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Backup, mirrored hard drives, RAID

Discussion in 'Recording' started by vividsonics, Jul 27, 2005.

  1. vividsonics

    vividsonics Guest

    Howdy folks,

    After reading this thread: (Dead Link Removed) I thought I should get on the ball with some storage technicques I've been wondering about. I have a few questions. I'm using a Powermac G5 single 1.6 GHz with 2 internal SATA drives. I use one drive for the system and programs (mostly DP and Reason) and the other to store samples. I'm using a Firewire 400 drive for my audio (multi track sessions).

    What exactly is a RAID array? How would one set this up?

    I've heard of having a "Mirror" drive where everything written to one drive is duplicated to another drive for backup in case one drive fails. How would I go about setting this up?

    Thanks for your help.
  2. hociman

    hociman Active Member


    A RAID array is a group of disks that appear as one to the OS. If you had a 2nd firewire drive that was the same model and capacity as the first, you could set the two up as a RAID using Apple's Disk Utility. I forget the exact steps, but that is where you would do it.

    By using multiple disks to appear as one volume, data gets written across multiple disks, which in theory increases throughput to the RAID array.
  3. Big_D

    Big_D Well-Known Member

    What Hociman is talking about is a striped array. This is where data is spread across 2 or more drives to increase through put since all drives can be read from at the same time but will appear to the OS as 1 large drive (the combined size of both drives). This is known as RAID 0.

    You are asking about a mirrored array, RAID 1. This is where 2 "identical" drives are used to create identical data sets on each drive. It appears to the OS as 1 drive but only the size of 1 of the pair. If a drive should fail or the array gets out of sync the computer will run off of the 1 drive until the array is rebuilt.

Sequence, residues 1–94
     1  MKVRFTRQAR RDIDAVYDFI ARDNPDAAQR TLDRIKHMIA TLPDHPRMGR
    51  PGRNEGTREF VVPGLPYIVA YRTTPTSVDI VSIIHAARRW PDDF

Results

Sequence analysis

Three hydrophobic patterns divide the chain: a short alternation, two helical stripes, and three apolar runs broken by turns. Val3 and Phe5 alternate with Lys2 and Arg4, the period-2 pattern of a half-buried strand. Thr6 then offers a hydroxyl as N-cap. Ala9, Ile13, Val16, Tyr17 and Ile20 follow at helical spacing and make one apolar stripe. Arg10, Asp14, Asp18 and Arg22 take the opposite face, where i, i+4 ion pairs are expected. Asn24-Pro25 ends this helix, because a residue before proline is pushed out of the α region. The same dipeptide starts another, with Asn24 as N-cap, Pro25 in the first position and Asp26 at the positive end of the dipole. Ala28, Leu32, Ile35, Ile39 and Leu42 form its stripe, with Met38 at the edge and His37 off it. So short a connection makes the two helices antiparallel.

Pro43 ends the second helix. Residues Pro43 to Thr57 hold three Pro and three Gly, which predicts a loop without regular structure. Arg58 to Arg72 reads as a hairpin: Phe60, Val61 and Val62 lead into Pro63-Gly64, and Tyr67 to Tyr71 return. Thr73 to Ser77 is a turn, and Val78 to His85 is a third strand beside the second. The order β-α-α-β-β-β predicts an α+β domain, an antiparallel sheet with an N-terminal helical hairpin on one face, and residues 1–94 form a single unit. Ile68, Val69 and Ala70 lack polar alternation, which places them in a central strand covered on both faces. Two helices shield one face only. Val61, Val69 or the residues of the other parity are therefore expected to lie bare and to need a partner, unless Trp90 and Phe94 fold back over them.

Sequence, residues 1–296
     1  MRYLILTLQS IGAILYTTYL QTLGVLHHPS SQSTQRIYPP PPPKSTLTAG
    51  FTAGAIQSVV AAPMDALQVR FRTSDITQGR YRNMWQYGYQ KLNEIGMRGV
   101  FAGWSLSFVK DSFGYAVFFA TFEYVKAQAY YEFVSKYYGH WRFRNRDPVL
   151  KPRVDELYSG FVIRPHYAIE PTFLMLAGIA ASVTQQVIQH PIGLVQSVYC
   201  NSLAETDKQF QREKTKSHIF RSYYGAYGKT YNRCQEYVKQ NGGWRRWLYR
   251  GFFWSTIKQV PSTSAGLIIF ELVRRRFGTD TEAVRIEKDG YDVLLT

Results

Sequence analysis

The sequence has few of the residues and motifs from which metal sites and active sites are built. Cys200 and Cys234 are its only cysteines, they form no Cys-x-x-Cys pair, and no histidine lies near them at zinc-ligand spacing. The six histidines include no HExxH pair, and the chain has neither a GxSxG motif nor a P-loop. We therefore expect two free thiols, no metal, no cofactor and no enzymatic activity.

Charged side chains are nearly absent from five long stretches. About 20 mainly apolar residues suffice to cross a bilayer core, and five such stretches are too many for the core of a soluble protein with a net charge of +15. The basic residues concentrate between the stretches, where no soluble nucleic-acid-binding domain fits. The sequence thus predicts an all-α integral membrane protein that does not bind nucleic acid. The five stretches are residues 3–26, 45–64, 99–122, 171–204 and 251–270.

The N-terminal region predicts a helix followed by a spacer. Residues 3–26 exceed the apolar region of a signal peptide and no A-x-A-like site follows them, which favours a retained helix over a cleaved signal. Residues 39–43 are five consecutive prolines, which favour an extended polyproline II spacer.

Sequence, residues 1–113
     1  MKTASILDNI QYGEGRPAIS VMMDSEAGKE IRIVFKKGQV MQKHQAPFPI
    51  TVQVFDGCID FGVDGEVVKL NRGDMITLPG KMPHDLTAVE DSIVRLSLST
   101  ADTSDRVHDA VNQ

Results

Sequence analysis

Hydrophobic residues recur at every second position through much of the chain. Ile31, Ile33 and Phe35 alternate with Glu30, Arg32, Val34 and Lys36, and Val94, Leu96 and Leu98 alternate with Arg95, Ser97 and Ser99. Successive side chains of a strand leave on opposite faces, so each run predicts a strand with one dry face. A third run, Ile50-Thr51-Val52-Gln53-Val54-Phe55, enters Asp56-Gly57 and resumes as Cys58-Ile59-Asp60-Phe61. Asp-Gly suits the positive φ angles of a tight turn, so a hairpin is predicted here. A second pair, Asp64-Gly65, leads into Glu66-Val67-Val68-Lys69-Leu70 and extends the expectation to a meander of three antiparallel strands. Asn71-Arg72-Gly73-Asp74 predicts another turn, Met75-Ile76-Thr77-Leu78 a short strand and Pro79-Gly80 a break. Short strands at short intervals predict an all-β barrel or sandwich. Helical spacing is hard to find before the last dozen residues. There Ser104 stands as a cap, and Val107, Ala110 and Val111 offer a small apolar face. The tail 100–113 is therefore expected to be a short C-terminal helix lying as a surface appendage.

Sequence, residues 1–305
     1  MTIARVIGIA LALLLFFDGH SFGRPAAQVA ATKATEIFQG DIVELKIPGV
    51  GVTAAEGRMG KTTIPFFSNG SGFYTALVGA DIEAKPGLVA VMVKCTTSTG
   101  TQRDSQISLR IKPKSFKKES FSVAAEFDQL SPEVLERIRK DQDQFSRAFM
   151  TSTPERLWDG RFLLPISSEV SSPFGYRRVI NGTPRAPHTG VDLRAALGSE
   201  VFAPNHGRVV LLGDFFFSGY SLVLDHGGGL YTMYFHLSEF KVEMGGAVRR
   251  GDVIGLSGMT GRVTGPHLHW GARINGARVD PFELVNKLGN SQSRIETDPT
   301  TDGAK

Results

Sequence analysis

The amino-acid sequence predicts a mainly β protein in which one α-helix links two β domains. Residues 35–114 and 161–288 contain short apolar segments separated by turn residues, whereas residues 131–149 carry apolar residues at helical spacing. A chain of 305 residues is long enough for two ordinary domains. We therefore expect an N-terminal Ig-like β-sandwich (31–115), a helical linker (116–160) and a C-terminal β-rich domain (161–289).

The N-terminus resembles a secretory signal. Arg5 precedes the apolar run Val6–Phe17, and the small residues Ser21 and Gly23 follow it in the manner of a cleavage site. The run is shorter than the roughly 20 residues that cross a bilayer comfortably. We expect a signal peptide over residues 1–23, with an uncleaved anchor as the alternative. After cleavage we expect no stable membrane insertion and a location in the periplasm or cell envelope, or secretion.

RAID 0 provides no such protection, if the above happens you loose everything. RAID 0 is not recommended for DAWs. If you feel the need for RAID 0 in a DAW I would suggest RAID 0+1. It provides the performance of striping with the saftey of mirroring but requires 4 "identical" drives.

    RAID 1 would be a good choice for you as it provides solid backup. I'm not familiar with Apples RAID implementation so I would suggest a visit to an Apple forum.
  4. hociman

    hociman Active Member


    Disk Utility only allows you to create one RAID per bus or channel. So if you had a dual channel SCSI card, you could have 2 RAIDs. If you have 2 ATA buses (MDD G4s), you could have 2 RAIDs.

    I setup a striped RAID on an OS X Server and then set Carbon Copy Cloner to clone the one RAID ot the other. This allowed me to, effectively, have a mirrored RAID (level 1) while using Disk Utility to create a striped RAID (level 0).
  5. TheArchitect

    TheArchitect Active Member

    Raid (and mirroring especially) should not be considered a backup methodolgy. With those arrangements if a file corrupts or is deleted, the corruption/deletion is replicated to the redundant drive. You will still need a backup/archive plan in place.